Rousseau’s destruction of the long-held definition of virtue has had disastrous effects on Western institutions, from the family to organized religion to government. But consider the impact in just two areas of American life: education and foreign policy. Elite higher education in the United States in the early 19th century entailed a curriculum that sought to reinforce the traditional understanding of virtue. Students read the classics, such as Plutarch’s Lives and the Bible, with the goal of becoming gentlemen who had the character, temperament, and knowledge to serve as national leaders. This earlier tradition of higher education was tarnished by class-based snobbery, overt racial discrimination, and the denial of opportunities for women—deficiencies that could have been corrected over time without throwing out a traditional understanding of morality. But the latter is precisely what the most famous reformers of higher education did.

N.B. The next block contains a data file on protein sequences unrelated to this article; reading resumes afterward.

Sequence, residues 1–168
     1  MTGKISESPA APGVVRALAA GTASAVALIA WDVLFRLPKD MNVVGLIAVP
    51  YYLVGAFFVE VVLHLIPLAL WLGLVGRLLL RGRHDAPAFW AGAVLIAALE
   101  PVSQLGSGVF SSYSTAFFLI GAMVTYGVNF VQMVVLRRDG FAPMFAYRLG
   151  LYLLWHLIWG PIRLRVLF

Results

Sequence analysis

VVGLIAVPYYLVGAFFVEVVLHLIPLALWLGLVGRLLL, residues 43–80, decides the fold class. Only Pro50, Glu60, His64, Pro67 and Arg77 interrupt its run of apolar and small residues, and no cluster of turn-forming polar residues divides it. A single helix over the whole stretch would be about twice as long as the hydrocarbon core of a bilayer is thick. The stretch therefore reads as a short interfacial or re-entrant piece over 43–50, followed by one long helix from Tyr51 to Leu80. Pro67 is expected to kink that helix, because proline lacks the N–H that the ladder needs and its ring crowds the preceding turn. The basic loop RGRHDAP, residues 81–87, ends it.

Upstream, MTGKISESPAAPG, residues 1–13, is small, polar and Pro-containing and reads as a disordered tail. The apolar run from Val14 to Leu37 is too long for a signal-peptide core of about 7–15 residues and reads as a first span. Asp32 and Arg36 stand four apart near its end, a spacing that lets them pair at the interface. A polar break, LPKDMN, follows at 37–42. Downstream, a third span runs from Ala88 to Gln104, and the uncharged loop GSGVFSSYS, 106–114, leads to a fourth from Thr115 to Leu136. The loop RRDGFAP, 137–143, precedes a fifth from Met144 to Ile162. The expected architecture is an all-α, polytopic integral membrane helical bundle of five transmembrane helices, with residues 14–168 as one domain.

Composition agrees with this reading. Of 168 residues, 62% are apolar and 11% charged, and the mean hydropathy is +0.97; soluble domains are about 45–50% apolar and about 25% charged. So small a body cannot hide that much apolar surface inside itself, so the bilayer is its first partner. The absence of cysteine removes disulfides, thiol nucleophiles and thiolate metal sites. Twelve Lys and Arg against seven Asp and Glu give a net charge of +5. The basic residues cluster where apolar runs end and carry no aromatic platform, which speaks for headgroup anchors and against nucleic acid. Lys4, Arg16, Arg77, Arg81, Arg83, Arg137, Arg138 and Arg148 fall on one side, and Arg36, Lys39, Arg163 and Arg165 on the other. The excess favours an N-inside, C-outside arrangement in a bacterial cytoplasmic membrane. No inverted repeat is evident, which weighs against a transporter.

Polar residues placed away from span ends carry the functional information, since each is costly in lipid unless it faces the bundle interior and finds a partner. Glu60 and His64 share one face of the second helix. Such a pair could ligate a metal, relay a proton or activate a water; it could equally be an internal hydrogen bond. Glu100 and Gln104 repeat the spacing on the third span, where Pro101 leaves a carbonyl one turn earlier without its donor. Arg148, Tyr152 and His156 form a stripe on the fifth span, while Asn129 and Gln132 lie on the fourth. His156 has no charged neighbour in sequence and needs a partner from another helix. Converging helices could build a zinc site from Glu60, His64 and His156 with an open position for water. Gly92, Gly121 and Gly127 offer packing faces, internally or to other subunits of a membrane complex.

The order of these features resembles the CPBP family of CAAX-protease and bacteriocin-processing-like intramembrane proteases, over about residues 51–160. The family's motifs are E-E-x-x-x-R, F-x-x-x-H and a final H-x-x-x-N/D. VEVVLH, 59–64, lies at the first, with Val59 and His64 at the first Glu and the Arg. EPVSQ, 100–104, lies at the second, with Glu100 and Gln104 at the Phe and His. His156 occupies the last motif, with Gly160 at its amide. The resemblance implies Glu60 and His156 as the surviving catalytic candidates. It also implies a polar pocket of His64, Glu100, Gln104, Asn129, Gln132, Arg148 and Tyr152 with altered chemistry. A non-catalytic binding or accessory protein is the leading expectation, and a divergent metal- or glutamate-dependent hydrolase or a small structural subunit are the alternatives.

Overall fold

In the late 19th century, Harvard President Charles Eliot sought to align the university mission with Rousseau’s understanding of virtue. The goal of higher education was not to produce leaders of superior character and probity, but to address social causes. “Service” to the nation and to mankind, not character, became the goal of higher education. Harvard, Eliot thought, must produce leaders who could run large companies, unlock the secrets of the atom, and find ways to alleviate the plight of the “lower classes.” Courses in the great Western classics that taught students about their own nature as moral beings became “electives” while courses designed to equip mankind for both scientific and humanitarian endeavors became the heart of the university, as it is today.